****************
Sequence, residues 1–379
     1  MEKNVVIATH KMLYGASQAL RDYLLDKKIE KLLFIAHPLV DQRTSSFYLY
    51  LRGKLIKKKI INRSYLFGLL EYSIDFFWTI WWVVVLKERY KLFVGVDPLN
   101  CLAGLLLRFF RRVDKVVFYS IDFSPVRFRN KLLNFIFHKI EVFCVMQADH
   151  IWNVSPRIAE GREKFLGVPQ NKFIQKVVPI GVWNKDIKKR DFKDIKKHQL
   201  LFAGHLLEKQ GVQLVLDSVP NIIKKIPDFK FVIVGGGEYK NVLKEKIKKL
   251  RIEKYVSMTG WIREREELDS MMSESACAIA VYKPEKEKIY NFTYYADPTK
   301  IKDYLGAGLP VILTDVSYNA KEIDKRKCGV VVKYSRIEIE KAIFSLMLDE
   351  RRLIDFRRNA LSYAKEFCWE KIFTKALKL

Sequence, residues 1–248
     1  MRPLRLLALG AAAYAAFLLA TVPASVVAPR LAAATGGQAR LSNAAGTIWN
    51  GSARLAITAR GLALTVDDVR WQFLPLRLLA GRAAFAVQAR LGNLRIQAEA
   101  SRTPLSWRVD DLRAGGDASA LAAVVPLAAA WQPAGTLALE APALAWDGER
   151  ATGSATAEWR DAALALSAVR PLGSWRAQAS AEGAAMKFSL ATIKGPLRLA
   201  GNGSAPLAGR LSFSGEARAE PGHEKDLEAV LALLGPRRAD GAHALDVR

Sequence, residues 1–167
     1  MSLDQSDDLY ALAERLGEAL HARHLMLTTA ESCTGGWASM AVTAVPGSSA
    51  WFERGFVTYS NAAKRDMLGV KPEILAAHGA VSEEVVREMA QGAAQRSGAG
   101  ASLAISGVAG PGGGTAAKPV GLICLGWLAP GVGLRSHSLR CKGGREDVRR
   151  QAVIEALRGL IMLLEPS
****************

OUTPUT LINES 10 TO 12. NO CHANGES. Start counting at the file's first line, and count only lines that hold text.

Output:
Sequence, residues 1–248
     1  MRPLRLLALG AAAYAAFLLA TVPASVVAPR LAAATGGQAR LSNAAGTIWN
    51  GSARLAITAR GLALTVDDVR WQFLPLRLLA GRAAFAVQAR LGNLRIQAEA